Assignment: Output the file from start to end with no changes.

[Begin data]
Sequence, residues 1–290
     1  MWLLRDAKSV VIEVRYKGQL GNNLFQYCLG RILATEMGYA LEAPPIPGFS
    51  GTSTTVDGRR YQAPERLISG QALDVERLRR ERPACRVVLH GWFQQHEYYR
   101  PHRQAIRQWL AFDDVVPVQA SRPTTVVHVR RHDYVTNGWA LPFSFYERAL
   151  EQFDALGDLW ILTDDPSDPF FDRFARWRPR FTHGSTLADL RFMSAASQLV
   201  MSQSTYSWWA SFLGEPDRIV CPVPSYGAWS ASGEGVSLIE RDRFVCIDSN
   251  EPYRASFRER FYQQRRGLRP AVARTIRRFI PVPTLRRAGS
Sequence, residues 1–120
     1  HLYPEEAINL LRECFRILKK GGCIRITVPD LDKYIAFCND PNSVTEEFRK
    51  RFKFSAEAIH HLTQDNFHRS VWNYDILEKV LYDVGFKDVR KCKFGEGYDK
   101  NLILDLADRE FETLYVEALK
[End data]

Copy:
Sequence, residues 1–290
     1  MWLLRDAKSV VIEVRYKGQL GNNLFQYCLG RILATEMGYA LEAPPIPGFS
    51  GTSTTVDGRR YQAPERLISG QALDVERLRR ERPACRVVLH GWFQQHEYYR
   101  PHRQAIRQWL AFDDVVPVQA SRPTTVVHVR RHDYVTNGWA LPFSFYERAL
   151  EQFDALGDLW ILTDDPSDPF FDRFARWRPR FTHGSTLADL RFMSAASQLV
   201  MSQSTYSWWA SFLGEPDRIV CPVPSYGAWS ASGEGVSLIE RDRFVCIDSN
   251  EPYRASFRER FYQQRRGLRP AVARTIRRFI PVPTLRRAGS
Sequence, residues 1–120
     1  HLYPEEAINL LRECFRILKK GGCIRITVPD LDKYIAFCND PNSVTEEFRK
    51  RFKFSAEAIH HLTQDNFHRS VWNYDILEKV LYDVGFKDVR KCKFGEGYDK
   101  NLILDLADRE FETLYVEALK